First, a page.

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:: By Lydialyle Gibson

:: Photo Credit: Courtesy the Smart Museum of Art

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Investigations ::

Original Source

Graphic arts

photo:  original sourceAs soon as words came uncoupled from hieroglyphs and the written alphabet shook off the language of pictures, “people started wanting to bring them back together,” says classics scholar Glenn Most, who with art historian Richard Neer has curated a Smart Museum exhibit on language in ancient art. Using artifacts from the museum’s permanent collection, the exhibit, Graphiké (which can mean both writing and drawing), explores interactions between text and pictures in quotidian Greco-Roman life. Those interactions, they say, were indirect, tenuous, and complicated. For example, dating from 550–530 BC, a rim fragment of a wine decanter called a dinos (left) portrays a chariot warrior hurtling into battle beneath an inscription that conjures epic literature, identifying him as Diomedes, a hero from Homer’s Iliad. Behind his head, the word kalos proclaims him “beautiful” or “noble.” Intact, the dinos’s entire rim would have been ringed with other chariots and a fleet of sailing ships, evoking (when the bowl was full) Homer’s “wine-dark sea.”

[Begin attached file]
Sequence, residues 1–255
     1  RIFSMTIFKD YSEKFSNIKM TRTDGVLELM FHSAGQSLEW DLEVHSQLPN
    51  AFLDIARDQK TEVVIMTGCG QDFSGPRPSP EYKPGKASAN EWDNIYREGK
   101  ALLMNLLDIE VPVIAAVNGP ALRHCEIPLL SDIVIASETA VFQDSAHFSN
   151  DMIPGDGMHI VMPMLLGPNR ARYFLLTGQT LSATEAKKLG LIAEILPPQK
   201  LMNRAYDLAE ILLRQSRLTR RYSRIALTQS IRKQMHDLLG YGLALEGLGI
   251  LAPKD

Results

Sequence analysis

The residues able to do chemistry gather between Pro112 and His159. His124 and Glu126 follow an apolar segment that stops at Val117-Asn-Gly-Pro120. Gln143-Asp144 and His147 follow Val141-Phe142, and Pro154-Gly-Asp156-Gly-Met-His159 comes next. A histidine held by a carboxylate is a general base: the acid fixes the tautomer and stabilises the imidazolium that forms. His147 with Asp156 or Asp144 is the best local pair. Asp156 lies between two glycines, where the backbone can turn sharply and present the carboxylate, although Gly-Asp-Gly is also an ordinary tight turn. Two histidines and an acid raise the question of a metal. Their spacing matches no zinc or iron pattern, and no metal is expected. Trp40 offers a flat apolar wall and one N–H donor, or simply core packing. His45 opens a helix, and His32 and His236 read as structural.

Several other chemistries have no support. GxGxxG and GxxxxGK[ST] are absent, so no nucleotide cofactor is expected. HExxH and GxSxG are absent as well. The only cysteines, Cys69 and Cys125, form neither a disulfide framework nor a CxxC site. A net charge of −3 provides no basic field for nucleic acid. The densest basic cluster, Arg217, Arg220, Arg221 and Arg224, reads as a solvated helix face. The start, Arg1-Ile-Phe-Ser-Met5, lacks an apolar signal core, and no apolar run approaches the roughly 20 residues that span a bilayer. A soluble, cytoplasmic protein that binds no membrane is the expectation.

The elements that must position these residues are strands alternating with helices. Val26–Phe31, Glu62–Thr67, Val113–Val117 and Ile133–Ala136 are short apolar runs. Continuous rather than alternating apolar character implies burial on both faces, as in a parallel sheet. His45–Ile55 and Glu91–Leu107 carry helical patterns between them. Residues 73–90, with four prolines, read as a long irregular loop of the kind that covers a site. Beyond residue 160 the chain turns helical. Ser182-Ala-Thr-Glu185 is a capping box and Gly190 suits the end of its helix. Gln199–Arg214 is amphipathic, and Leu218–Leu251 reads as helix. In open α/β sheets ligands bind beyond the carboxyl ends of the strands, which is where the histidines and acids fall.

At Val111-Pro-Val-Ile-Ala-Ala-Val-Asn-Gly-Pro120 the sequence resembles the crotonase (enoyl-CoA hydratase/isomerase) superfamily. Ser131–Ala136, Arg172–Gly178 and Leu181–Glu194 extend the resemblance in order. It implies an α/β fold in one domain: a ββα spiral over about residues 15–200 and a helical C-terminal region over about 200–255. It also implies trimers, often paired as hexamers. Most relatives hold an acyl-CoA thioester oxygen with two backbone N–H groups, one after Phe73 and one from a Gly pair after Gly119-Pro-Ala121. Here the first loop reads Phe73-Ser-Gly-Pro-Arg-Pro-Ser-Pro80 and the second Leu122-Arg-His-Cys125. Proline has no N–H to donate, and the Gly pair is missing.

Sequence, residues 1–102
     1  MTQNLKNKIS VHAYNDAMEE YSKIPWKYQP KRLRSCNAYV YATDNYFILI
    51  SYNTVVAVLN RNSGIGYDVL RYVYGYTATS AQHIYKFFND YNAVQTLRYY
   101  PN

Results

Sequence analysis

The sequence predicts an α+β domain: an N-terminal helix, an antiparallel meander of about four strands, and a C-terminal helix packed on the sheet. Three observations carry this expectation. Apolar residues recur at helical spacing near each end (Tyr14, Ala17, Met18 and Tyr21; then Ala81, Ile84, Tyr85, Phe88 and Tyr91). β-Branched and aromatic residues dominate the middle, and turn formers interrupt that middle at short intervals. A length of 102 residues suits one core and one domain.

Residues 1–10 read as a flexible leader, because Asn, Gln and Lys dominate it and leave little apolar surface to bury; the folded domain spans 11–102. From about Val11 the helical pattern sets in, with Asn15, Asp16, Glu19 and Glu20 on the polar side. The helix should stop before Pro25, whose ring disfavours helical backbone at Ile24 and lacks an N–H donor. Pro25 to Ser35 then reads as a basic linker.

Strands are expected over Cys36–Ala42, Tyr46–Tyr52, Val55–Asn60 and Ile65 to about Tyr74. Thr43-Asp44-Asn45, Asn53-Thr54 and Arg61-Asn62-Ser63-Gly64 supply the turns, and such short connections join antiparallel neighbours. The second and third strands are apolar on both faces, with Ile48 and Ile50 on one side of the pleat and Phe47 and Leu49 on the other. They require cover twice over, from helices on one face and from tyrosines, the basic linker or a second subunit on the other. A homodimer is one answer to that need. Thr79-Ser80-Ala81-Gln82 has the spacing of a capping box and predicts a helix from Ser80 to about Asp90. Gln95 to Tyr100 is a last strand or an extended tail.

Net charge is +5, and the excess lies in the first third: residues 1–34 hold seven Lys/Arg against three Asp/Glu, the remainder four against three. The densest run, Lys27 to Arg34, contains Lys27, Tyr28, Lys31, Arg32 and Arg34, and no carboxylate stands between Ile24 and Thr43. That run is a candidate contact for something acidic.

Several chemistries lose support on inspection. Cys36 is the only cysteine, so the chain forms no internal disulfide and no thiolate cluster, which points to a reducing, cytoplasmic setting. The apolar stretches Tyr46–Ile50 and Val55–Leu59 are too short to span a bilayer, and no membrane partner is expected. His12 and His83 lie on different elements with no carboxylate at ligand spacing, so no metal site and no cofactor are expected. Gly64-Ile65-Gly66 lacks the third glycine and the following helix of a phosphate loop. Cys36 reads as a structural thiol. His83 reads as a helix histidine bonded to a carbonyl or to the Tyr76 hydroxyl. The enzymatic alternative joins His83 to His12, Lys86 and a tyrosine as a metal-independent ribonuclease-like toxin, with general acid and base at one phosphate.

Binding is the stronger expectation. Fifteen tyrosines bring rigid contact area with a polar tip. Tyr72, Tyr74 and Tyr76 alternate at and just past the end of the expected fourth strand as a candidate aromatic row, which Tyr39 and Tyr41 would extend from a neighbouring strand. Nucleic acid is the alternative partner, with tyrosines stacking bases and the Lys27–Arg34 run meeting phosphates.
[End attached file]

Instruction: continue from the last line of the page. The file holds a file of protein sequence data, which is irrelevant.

Depicting a shirtless Leagros, a handsome young Athenian aristocrat and military general who made appearances on many pots, a pelike—an oil or wine jar—fragment (right) also bears the word kalos. Dating from 510 BC and found in Italy, the fragment shows Leagros with a marten, a typical affectionate gift from an older man.

Elsewhere in the exhibit, a piece of painted pottery dedicated to Athena reaches for prestige with a typeface connoting a more expensive stone offering. Early Christian oil lamps are inscribed with nonsense letters that conveyed the aura of literacy, “which,” Most says, “connects to the idea of light, illumination, salvation—it’s very resonant.”

Words, Neer adds, are not merely the sum of their meaning. “Today we’re trained to think about words only in terms of their semantic significance,” he says. “But words convey all kinds of things,” socially, rhetorically, aesthetically, and culturally.